Icaricia shasta (W. H. Edwards, 1862)
Status: Uncommon resident
NENHP Ranking: S2 Tier 2
Range: This butterfly is found from southern Alberta south through Colorado and west into central California and Oregon. In Nebraska it has been found in the panhandle as far east as the bluffs south of the Platte River along Highway 27 In Garden County.
Larval Hostplant(s): Astragalus kentrophyta , and possibly Tufted Milkvetch (A. spatulatus).
Broods/Flight Times: There is one early summer flight. In Nebraska it has been found from May 24 – June 22.
Overwintering: This species has been reported to be biennial (requiring two years to complete its life cycle) in some higher elevation portions of its range, overwintering the first year as an egg and the second as a nearly fully-grown caterpillar. The overwintering status for this species has not been confirmed in Nebraska where its lowest altitude populations occur.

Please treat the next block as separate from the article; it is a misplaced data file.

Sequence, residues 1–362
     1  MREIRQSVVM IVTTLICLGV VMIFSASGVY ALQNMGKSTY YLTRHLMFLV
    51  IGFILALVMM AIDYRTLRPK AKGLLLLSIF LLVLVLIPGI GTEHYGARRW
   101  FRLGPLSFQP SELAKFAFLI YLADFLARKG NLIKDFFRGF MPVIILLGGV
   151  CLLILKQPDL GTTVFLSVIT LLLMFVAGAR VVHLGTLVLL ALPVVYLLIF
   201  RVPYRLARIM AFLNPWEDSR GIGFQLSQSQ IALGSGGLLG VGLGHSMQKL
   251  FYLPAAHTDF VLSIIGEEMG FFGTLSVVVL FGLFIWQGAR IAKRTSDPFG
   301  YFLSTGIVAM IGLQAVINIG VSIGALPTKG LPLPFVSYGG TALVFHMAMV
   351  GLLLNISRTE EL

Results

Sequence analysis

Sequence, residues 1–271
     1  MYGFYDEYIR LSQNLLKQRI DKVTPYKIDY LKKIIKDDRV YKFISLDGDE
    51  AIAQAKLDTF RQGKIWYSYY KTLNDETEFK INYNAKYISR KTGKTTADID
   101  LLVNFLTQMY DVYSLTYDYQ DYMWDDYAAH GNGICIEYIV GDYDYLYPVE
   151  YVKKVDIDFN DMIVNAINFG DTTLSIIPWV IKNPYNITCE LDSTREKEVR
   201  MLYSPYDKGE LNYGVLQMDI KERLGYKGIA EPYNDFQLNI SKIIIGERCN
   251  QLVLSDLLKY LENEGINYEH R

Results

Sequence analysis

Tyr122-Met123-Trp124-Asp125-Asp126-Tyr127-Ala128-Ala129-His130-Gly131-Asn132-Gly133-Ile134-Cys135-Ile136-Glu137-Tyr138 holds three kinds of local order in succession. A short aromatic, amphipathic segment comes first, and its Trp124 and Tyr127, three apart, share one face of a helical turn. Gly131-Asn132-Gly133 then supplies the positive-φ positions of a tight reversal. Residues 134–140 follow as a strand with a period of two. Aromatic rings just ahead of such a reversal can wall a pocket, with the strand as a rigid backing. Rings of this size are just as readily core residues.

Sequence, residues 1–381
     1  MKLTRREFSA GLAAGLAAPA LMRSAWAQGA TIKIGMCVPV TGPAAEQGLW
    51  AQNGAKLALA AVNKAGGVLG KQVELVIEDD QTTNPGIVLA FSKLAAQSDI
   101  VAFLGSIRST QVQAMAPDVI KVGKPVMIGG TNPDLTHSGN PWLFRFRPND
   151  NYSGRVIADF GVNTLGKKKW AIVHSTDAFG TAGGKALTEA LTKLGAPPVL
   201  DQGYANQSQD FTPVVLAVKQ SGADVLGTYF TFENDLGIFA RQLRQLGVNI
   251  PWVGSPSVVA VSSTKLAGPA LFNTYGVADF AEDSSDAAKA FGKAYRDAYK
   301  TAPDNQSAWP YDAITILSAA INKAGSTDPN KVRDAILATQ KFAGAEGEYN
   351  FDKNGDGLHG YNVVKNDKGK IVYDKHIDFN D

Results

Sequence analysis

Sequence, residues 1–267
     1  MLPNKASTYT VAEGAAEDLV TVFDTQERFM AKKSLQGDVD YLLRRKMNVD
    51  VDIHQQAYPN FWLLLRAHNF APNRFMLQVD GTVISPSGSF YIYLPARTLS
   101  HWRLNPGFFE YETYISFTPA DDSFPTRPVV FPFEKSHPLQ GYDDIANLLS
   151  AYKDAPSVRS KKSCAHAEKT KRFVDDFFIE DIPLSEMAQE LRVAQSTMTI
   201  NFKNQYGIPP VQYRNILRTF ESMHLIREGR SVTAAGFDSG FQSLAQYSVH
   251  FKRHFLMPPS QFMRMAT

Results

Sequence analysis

Habitat: Rocky outcroppings in the Pine Ridge and “badlands” type hilltops. Their typical habitat is ledges and hilltops of rocky or poor soil nearly devoid of all vegetation with the exception of a few hardy plants of which their host plants are included. Adults fly within inches of the ground in the vicinity of its host plants.
Avg. Wingspan: 7/8 – 1 1/8 inches
Found at: Gilbert-Baker SWMA, Pants Butte, Wildcat Hills SRA, I-80 East Sidney Rest Area, I-80 Mile Marker 1, Ash Hollow SHP
Similar Species: Reakirt’s and Marine Blues